Artist Christopher Spinelli has had his work exhibited from Bay Ridge to Berlin. Now his latest creation – a colorfully painted piano – can be seen and played for the next few days on the Coney Island boardwalk.
Located down the block from Nathan’s, just before toes hit sand at the end of Stillwell Avenue, the oddly placed instrument appeals to passersby who stop to run their fingers along the keys, give their own personal concert, or simply admire the artwork.
“People inevitably gravitate toward the piano,” Spinelli said, watching students and their teacher huddle around the keys on a recent morning. “It becomes a hub of activity – people who play, people who’ve never played – they all want to go and tickle the ivories, which is great.
“It’s a nice combination of the visual arts and performance arts.”
Sing for Hope
The temporary boardwalk installation is one of 51 Sing for Hope Pianos that can be found – and played by anyone and everyone – in public spaces across the city through June 24. Made possible by the nonprofit, Sing for Hope, this annual public arts project seeks to bring the transformative power of creativity to communities.
Every Sing for Hope piano is unique – designed and hand-painted by artist-volunteers, like Spinelli, who has been creating art in Brooklyn for over three decades and works in a variety of media.
Much of his art is figurative and pays tribute to New York, particularly iconic sights. For his piano, he chose the theme “Grabbing the Brass Ring,” and gave life to carousel horses and golden poles in acrylic paint as an homage to the B&B Carousell, a Coney Island original. Built in 1906, it was recently restored and is now one of Luna Park’s signature attractions.
Spinelli’s piano stands a short walk from the real thing.
“It’s beautiful the way they painted it. It reminds me of the carousel with the horses, and you’d go around and catch the ring,” said Sam Levinson of Astoria, who stopped to admire the upright on a recent morning, and spent a few moments unknowingly sharing some memories with the artist.
From childhood trips to Nathan’s when the area was rough, to rediscovering the seaside as a young adult and enjoying its revitalization today, the “magic world of Coney Island” holds a special place in Spinelli’s heart.
And he draws inspiration, along with the desire to share his talents, from another source close to his heart – his Catholic faith. He is a parishioner and trustee at St. Thomas Aquinas in Flatlands, where he oversaw a redesign of the parish sanctuary last year.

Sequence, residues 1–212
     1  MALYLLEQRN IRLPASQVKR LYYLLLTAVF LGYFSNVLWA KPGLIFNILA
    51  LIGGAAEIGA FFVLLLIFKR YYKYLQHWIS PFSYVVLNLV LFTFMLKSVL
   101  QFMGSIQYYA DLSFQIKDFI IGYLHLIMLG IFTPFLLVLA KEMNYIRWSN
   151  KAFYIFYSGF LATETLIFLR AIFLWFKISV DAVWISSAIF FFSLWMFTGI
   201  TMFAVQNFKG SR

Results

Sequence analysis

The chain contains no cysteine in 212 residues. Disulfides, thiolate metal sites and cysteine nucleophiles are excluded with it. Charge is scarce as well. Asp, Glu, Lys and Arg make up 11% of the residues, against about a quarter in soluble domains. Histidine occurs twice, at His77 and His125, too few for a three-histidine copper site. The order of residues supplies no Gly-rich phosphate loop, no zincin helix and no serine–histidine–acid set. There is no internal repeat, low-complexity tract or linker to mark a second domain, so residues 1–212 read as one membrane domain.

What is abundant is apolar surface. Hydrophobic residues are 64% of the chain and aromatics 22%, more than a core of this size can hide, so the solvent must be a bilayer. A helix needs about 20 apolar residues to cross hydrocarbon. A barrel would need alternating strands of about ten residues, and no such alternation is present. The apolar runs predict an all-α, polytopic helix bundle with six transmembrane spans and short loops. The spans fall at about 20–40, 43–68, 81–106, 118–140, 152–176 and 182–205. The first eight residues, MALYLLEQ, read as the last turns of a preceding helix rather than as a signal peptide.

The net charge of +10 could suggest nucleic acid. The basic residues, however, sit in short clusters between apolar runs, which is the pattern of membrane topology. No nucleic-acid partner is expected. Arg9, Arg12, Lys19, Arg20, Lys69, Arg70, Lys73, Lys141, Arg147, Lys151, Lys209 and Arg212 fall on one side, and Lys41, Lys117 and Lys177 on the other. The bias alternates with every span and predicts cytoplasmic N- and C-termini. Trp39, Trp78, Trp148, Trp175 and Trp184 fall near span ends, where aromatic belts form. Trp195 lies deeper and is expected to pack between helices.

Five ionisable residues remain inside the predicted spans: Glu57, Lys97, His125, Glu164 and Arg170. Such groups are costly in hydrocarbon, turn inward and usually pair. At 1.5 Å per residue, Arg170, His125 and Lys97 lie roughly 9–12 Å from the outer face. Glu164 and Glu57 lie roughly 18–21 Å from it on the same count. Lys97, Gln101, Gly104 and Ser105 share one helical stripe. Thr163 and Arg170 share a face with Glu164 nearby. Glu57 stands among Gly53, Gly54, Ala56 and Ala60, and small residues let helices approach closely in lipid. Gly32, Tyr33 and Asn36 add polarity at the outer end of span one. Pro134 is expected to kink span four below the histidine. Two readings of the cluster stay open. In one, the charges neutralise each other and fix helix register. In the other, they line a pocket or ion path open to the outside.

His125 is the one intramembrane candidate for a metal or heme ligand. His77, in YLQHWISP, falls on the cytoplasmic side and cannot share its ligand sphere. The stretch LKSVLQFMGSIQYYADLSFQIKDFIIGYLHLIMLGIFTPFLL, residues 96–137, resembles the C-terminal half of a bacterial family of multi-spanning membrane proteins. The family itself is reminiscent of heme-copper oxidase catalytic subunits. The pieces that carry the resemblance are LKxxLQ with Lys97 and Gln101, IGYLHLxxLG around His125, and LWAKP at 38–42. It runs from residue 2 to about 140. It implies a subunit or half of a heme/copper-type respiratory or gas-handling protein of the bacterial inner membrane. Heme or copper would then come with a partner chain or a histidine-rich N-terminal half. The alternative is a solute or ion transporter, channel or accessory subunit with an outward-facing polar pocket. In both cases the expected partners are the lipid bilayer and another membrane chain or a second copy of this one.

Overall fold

“We’re encouraged as Catholics to volunteer and to serve other people,” Spinelli said. “This is maybe not the first way that you’d think of as service, but it is – you’re sharing your talents and you’re doing it for the benefit of others.”
Sites Across the City
Sing for Hope also partnered with Mini USA this year to produce a mobile piano inside a modified Mini Countryman that is bringing art and music all over the city with pop-up performances.
When organizers were looking for someone to create an eye-catching look for this mobile music machine, Spinelli got the call. And what he came up with was a fun, abstract print that some might say is reminiscent of church artwork.
“People have asked about the design on the car, ‘Where does that come from?’ When I look at it, I can see things like mosaic tiles and stained-glass patterns,” Spinelli said.
Elements of Youth, Faith
It harkens back to elements of his youth, like the interlocking designs in leaded stained glass that he admired while attending Mass at Regina Pacis in Bensonhurst.
“As a Catholic, it’s a very visual faith. … It’s color and light, texture and glass, marble and mosaics,” he said. “Being at Regina Pacis was – it’s kind of like going to Mass at the Vatican – all these textures and colors. …
“You can find God certainly in art, and that’s part of the beauty of it too,” he said.
And he is grateful that so many individuals and communities are being touched by the beauty of the Sing for Hope Pianos project.
“I think it’s the greatest thing,” said Paula Paterniti. “I just love the whole idea of it.”
Paterniti grew up in Coney Island, attending Our Lady of Solace School, and remembers visiting the amusement park with her father on Sundays after Mass.
On Brooklyn Day, she brought her grandson Nate Kunhardt to enjoy the boardwalk’s offerings, including the piano, where he played “Heart and Soul” and “Chopsticks.”
When the program ends, children like Nate will continue to enjoy the music and the art for years to come. Sing for Hope secures permanent homes for the pianos in city schools. Spinelli’s creation is slated for P.S. 811 Connie Lekas School in Coney Island.